Eric Novak is a professional puppetry artist and puppeteer who designed and built the reindeer puppet used to portray the character of “Prancer” in the Rose Theater world premiere production of Prancer. Eric has designed amazing puppets and directed the New York Spring Spectacular at Radio City Music Hall in New York City, performed in The Pee-Wee Herman Show on Broadway, and created puppets and costumes for the Omaha Symphony Christmas Celebration. Eric even consulted on the puppetry design elements for The Rose Theater Production of The Grocer’s Goblin and The Little Mermaid in 2014. He owns his own puppetry arts company, Eric Novak Puppets (check out his amazing creations at EricNovakPuppets.com!). We asked him to tell us more about his work and his Prancer puppet!
Q: Designing and working with puppets sounds like a really unique and interesting job. How did you become a puppet designer?
A: I got my degree in Set Design in 1989, and designed a lot of Off Off Broadway shows in NY in the early 1990s. I became interested in stop motion animation and puppetry, and worked at the Center for Puppetry Arts in Atlanta to learn about mold making and puppet design. A puppet is a fancy prop in some ways, but it’s more than that: it’s imbuing an inanimate object with life and personality. I think it’s this complexity that drew me to puppetry. After making puppets for 20 years, I can build anything I can dream up.
Q: What special skills did you have to develop to be a puppetry artist? Did you take any classes in school that help you in your puppetry work?
A: I’ve always done a lot of different things artistically, and all of them are involved in puppetry: Drawing, painting, sculpture, carpentry, welding, mechanics, dramaturgy, etc. Mold making and sewing were the two skills that I learned to become a puppet maker.
Q: How did you approach creating a large puppet for the character of Prancer? What were the big steps in your process?
A: I developed the technique of using rattan while designing and building puppets and costumes for the Omaha Symphony. The large Prancer puppet is the culmination of this work, as it is much more complicated, and has many more moving parts. Researching reindeer and how they move is a big part of it. To form the rattan, I soak it in water for two days, then tie it to a wooden form in the shape of a reindeer. After it dries, it retains the shape of the form and is very light weight. I take it off of the form, and lash it to an aluminum structure which contains the mechanisms for movement.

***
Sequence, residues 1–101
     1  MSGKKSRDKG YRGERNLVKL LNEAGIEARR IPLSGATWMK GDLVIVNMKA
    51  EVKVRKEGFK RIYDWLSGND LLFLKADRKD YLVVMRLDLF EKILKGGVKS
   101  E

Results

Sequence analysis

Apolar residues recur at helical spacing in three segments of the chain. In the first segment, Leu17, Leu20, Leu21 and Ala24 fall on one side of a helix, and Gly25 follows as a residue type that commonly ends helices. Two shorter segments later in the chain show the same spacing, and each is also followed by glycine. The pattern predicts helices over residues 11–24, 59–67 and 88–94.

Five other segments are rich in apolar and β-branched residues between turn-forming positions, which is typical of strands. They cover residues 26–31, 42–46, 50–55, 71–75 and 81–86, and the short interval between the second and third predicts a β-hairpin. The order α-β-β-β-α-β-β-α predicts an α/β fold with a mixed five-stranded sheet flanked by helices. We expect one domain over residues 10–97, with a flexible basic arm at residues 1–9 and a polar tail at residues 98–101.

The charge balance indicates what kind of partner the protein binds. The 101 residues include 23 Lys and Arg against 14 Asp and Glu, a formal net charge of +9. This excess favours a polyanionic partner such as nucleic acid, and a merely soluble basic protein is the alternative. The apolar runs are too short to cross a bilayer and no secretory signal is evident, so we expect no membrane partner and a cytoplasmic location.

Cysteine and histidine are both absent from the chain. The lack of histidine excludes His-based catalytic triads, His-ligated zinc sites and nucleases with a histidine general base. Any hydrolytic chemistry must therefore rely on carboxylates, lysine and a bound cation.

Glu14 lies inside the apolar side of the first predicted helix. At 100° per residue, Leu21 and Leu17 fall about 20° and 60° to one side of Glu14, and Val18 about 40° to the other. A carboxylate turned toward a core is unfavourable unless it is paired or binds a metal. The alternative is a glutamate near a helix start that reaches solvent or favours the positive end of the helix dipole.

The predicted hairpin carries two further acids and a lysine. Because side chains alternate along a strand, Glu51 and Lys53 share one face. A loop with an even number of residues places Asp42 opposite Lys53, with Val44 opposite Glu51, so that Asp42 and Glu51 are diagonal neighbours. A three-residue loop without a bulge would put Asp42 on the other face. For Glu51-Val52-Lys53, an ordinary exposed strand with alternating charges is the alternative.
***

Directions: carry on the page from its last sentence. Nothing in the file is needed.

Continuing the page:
Q: You have your own puppetry company, Eric Novak Puppets. What other puppets have you created recently that you’re excited about? Are they different from Prancer?
A: Every puppet project is different, and that is one of the things I love about puppetry. I’ve recently made two backpack skeleton puppets that are 15 feet tall and made of milk jugs. Check out my website or Facebook page for images. I’ve also been doing sculpture work for District Vision sunglasses company, and the band Major Lazer.
Q: What is your favorite part of being a puppet designer and puppeteer? Are there parts of your job that are challenging or even frustrating?
A: Each project is different and a challenge. What I love about puppetry is the problem solving. You are using techniques that you have developed, but adapting them to new situations. What I love best is that I can build anything I can dream up, and I’m only limited by my imagination. I may not always have the answers, but through experimentation, I can figure it out.
Q: What advice do you have for any young artists out there who would like to be puppeteers?
A: Young artists interested in puppetry should collect as many different experiences as possible. People come to puppetry from many different backgrounds: dancers, actors, visual artists, or set design, like I did. Puppetry is a type of art form that you can really make your own, bring your own experience to, and make something unique.